Having all classes be very good at something while almost completely unable to do other things tends to force a) a mix of classes and archetypes in the party and b) a degree of interdependence between those characters. Which plays right back in to the thread topic: one of the biggest reasons NPCs come in to parties is because they've been recruited to fill holes in the lineup; and I don't mind this at all as it means the party is (for once!) doing something wise, and realistically planning and preparing for a variety of possibilities.

I think it's still true that a balanced mix of classes is more effective than a single class or a limited set of classes. You don't need a cleric for healing, but you can get a lot more healing if you have one, in addition to other holy person stuff. You don't need a rogue to do the rogue skills, but they have better chances of accomplishing it and don't have to redirect feats and stuff from other uses to do that. 5e rogues also deal quite a bit of damage and are straight up fun to play, and encourage a combat style where you don't just stand in an opponent's face, but dart in and out of combat (or go ranged), sometimes from hiding. Without some fightery types a party will probably struggle a lot. And wizards still have a lot of spells that do things you'll have to find highly creative ways to do without them.

Overall, the same considerations apply, it's just that the intensity of the effect has been attenuated compared to most past editions.

A lot of it also depends on how the DM rules things. For instance, I don't let you just keep rolling to try the same thing over and over. If you fail to pick the lock, you can probably try again in a few minutes, an hour later, and then a day after that, etc. And unless there are two people with proficiency in the party (the max number I let make separate attempts), that's only one person rolling for each attempt (if another character in the group tries, they use the same d20 roll with their own modifier). Running it that way, being good at a skill can make a big difference, because you can't always just hang around a dungeon for days trying to pick a lock. Other options like bashing down doors have the same restriction, so you probably want someone with a good Strength score too. If, on the other hand, you just let each party member keeping making rolls every 6 seconds until someone succeeds, then yeah, I'd share your distaste for the setup.

Even though niche protection seems less than 3e (which of course was a lot less than AD&D), the niche empowerment seems to make up for it. With cool enough carrots, you don't need as big of sticks.
 

glass

(he, him)
Why didn't the GM get the players to run the NPCs' turns?
You know what? I never thought to ask him. I will do so next time we speak, but in the meantime if I had to guess I would say that he thought that they wered potentially important later in the campaign, and/or the statblocks contained potential spoilers, so did not want to just hand them over.

Or, more meaningfully: you don't need magical healing. You have a decent-sized pool of self-healing available.
My 5e experience is mostly low-level AL, but was very much the opposite. Despite having a paladin and a life cleric, we would routinely run out of healing resources early on and have to struggle through half the scenario on reduced hitpoints.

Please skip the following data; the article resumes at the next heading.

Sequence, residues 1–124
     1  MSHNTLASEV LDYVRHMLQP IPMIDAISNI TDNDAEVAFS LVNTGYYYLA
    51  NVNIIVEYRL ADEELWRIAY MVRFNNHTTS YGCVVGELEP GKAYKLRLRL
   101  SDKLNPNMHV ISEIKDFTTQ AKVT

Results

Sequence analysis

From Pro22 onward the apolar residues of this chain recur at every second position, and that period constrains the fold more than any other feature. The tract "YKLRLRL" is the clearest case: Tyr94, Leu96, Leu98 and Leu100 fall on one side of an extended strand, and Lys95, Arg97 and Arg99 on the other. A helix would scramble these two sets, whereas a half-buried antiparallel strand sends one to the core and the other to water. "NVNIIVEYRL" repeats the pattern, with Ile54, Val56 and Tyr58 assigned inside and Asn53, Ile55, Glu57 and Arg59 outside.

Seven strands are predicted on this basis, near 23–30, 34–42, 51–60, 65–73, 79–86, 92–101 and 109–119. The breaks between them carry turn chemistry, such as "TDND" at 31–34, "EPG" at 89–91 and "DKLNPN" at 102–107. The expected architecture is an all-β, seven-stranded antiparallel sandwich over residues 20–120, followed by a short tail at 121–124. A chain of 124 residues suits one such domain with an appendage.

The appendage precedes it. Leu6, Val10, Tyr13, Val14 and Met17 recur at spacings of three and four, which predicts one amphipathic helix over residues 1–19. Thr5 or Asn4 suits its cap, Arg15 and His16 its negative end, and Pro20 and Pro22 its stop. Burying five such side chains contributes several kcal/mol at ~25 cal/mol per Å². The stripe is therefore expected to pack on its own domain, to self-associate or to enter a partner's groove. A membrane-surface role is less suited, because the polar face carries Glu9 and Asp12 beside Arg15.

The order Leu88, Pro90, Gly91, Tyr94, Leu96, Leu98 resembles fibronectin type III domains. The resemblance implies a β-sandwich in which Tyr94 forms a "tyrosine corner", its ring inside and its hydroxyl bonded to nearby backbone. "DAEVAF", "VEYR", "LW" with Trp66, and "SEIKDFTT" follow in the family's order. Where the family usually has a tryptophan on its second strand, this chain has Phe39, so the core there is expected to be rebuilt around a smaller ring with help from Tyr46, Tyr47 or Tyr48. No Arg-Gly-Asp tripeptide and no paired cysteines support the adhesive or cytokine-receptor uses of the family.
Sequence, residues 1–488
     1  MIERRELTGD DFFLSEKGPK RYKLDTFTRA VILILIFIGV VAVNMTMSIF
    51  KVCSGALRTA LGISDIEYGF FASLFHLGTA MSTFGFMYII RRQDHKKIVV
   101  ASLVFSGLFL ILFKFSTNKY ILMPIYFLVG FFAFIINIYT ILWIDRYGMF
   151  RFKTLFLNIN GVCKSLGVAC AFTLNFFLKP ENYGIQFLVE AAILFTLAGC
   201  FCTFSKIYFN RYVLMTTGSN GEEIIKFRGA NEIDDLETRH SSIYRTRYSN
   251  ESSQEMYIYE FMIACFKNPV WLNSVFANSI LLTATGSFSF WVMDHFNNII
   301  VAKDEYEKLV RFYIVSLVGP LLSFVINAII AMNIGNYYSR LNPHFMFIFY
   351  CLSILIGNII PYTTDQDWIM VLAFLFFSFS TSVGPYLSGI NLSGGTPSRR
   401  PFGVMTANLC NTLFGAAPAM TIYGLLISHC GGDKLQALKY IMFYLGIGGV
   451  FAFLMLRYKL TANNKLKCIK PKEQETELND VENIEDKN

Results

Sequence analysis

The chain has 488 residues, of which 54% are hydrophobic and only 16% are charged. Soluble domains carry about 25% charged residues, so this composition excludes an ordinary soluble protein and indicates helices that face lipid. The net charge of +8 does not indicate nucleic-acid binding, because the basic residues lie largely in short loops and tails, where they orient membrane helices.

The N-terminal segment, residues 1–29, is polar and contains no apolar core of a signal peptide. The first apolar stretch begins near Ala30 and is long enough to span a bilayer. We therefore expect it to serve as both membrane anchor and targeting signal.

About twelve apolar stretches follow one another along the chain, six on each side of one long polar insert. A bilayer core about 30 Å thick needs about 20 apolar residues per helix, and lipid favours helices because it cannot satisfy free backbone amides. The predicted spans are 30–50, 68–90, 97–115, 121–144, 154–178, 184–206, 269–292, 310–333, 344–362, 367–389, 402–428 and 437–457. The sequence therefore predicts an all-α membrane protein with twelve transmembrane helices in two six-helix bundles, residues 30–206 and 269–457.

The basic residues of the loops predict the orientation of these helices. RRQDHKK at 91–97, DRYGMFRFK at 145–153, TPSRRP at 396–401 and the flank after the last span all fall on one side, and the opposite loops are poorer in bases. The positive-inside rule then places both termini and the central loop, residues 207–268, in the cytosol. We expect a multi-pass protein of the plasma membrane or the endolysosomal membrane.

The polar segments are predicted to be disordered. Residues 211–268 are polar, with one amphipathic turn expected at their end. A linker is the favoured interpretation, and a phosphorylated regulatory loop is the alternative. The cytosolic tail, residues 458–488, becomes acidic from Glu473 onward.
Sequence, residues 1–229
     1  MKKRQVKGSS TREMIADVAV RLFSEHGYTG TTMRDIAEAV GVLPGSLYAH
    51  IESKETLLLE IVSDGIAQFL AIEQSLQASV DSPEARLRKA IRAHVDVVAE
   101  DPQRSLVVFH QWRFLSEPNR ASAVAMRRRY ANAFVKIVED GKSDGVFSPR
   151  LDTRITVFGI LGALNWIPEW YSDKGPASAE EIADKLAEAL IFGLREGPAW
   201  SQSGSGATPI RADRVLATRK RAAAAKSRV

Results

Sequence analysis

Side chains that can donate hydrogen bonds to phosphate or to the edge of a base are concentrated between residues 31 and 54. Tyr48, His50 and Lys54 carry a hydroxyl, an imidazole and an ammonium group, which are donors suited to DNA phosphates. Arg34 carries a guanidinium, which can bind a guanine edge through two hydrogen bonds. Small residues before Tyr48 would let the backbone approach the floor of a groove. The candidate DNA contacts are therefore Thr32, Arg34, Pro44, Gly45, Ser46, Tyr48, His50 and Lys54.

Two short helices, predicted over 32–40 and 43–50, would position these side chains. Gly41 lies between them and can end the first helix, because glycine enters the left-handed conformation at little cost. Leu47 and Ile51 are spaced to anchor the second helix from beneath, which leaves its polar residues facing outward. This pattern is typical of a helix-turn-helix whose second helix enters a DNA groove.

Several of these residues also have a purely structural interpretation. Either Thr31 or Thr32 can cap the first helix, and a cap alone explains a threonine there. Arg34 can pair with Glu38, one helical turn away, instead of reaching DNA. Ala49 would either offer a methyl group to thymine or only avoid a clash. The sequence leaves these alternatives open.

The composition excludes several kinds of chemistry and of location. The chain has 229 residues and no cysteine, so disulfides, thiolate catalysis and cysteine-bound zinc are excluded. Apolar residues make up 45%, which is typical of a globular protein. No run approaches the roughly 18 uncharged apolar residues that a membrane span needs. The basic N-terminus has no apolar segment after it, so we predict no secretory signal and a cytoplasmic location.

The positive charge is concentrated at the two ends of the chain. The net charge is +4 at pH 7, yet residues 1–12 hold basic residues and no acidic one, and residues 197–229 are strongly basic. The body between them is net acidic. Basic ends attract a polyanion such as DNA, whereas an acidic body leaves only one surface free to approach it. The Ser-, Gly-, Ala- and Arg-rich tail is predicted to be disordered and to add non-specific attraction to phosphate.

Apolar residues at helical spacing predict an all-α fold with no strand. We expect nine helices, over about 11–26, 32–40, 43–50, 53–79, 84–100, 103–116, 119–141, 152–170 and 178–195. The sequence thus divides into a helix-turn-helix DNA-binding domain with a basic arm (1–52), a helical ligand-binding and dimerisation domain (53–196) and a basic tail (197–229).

_
glass.
 

Wasteland Knight

Adventurer
More seriously, I see your point. The problem seem to lie with the motive of the DM: is the NPC's presence justified by an intent to further the story or by an intent by the GM to be a player in his or her own campaign?

This is the real point IMHO. There is no reason whatsoever for a GMPC to be in a game.

Need a role filled? NPCs, Henchmen, hirelings, extra characters, etc.

The only reason a GMPC will be in a group is because the GM wants to run the game AND play in it at the same time.
 

Lanefan

Victoria Rules
I don't see how I could seriously enforce equal treasure between characters, let alone DMPC, at least when I play with adults.
Around here it's the players who enforce equal treasure between characters. The few times they didn't enforce it led to some pretty severe treasure and wealth imbalances within the party (some characters and-or players are just plain greedier than others); lesson learned. :)

More seriously, I see your point. The problem seem to lie with the motive of the DM: is the NPC's presence justified by an intent to further the story or by an intent by the GM to be a player in his or her own campaign?
You ask this as if those are the only two reasons an NPC would ever be in a party. There's a third, and it's IME more common than those two combined: the NPC is in the party because the PCs put and-or kept it there by their own choice.
 

Lanefan

Victoria Rules
Even though niche protection seems less than 3e (which of course was a lot less than AD&D), the niche empowerment seems to make up for it. With cool enough carrots, you don't need as big of sticks.
I'm coming at it from a 1e background thus niche protection is very much a thing; and niche empowerment (or "cool carrots") just means power creep, doesn't it? Not much help if one wants at least a modicum of grit in the game... :)
 

Lanefan

Victoria Rules
This is the real point IMHO. There is no reason whatsoever for a GMPC to be in a game.

Need a role filled? NPCs, Henchmen, hirelings, extra characters, etc.
Er...what exactly is the difference between "an NPC filling a role" and "a GMPC"? Henches and hirelings are subservient to the PCs in the fiction; adventuring NPCs are (usually) not. An adventuring NPC is simply a PC without a player. (this assumes, of course, that NPCs and PCs work on the same underlying mechanical framework and are indistinguishable within the fiction; if not, there's nothing here worth discussing)

The only reason a GMPC will be in a group is because the GM wants to run the game AND play in it at the same time.
You say this like it's a bad thing.

Obviously it can get bad, for sure, but that's not guaranteed; and it's on the GM to get it right. It's tricky, but very do-able.

Most non-AL GMs are going to, whether intentionally or not, tend to run the sort of game they'd want to play in; be it by theme or by playstyle or whatever - and so it only makes sense they'd want to, to some extent, be a part of it and be able to view it somewhat from the players' side. A sometimes-handy side effect here is that the GM who does this is more easily able to realize if-when things aren't working as well in play from the player point of view as theory might have suggested.